3. Those words are so beautiful Kate!! Amazing that the civilization was felled, but the words endured! We so regret cutting Syria out of our middle East itinerary a few years ago 😦

  4. Dear Kate, the first time I heard of Ugarit was in 1966 when I was studying theology at St. John’s University in Minnesota. A renowned biblical scholar was teaching a class on the Psalms. He spoke many languages and would read to us comparison texts from several languages, one of them being one of those used at Ugarit. He called it “Ugaritic.”

    I learned from this professor that the “El” from the Ugaritic god is used in the Hebrew for one of the names of the great god Yahweh–that is Elohim. “El/God” is used as a suffix in such Hebrew names as Samuel, which means “his name is
    God,” Michael, meaning “Who is like God?” and Daniel, meaning “God is my judge.”

    By the way, the tomb that begins this posting reminds me so much of the “bee hive” tombs outside the ruins of Mycenae.

    Kate, I’ve been away from blogging for about ten days and your blog is one that I truly miss because you teach me so much. Your curiosity about life is a wonderment to me. Peace.

    1. Kind words, Dee! Hope all is ok with you. Life is full of curiosities, isn’t it: and beautiful ideas, and ugly ones. I want to fill every inch of my life with the stuff this earth is made of: not the material, but the spirit of man.

  5. Wonderful, Kate. I once read a book called The Weans, about an ancient civilization that had some sort of trouble with the Ussers and all of the ruins that were found. It was in the sixties. The Weans were US and the Ussers were USSR and it was an interesting time travel sort of yarn.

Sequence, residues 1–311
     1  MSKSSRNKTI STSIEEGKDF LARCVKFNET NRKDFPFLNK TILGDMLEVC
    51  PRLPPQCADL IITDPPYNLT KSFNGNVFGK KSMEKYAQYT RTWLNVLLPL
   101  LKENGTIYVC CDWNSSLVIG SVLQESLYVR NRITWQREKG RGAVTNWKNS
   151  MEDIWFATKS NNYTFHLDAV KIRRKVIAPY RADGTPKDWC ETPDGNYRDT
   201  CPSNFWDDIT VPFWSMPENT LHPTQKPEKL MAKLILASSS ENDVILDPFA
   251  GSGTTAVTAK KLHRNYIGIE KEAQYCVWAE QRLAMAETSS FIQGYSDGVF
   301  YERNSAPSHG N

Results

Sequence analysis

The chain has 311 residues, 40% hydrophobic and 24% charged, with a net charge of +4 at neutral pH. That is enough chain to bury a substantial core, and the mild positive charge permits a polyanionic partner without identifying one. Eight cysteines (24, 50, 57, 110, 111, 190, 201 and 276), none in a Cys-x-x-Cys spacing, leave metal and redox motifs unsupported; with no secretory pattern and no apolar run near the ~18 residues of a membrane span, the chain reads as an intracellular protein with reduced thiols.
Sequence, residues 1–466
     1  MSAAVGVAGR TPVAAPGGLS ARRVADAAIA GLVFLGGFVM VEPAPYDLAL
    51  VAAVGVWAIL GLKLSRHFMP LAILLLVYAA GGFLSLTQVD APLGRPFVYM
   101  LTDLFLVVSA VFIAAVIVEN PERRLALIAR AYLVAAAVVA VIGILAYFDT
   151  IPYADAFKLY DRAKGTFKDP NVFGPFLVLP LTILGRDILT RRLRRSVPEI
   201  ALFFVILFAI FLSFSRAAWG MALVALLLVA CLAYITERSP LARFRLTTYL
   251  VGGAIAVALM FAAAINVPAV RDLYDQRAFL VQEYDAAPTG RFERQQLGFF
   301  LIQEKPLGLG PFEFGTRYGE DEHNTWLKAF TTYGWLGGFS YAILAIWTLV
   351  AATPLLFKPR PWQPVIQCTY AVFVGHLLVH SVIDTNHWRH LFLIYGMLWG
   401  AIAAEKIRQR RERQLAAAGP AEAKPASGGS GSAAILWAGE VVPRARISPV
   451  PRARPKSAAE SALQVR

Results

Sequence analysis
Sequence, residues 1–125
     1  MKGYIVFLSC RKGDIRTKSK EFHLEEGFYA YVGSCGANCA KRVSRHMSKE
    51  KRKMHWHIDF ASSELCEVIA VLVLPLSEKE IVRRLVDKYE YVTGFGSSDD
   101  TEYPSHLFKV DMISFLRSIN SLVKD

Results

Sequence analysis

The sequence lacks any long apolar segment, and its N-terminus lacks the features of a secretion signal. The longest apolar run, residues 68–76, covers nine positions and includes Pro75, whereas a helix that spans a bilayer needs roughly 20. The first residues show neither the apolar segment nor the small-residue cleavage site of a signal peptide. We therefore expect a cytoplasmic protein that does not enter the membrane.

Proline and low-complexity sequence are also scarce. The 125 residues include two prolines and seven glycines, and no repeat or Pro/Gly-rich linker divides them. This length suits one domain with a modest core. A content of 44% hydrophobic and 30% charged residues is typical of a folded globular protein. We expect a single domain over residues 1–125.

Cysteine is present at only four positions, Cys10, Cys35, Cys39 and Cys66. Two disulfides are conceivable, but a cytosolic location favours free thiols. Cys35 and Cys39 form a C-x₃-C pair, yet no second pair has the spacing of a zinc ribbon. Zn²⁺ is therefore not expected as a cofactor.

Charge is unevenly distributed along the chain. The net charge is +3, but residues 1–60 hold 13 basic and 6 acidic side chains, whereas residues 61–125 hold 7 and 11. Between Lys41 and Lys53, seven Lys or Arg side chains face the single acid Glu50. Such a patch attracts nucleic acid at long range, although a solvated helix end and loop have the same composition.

6. I’ve often thought that our electronic gizmos will be of no use to future time travelers. If they do discover how to operate them, what will we have left them? “50 Shades of Grey?” or the classics?

    Then, I read Ray Bradbury (I believe it was.) He described how even our books will not survive. If so, will our civilization suffer the same fate as many before us? Will our knowledge gained be lost because no one can decipher it? I hope not.

    Good post, Kate. I love the poem.

  7. Mind-boggling to go back that far – particularly on that call for help never answered.
    It has probably been done, but I would love to write a story about a future archaeologist discovering a 21st century site and drawing conclusions from it, like football and the internal combustion engine both being interpreted as connected with religious practices. Which, of course, they are in a way.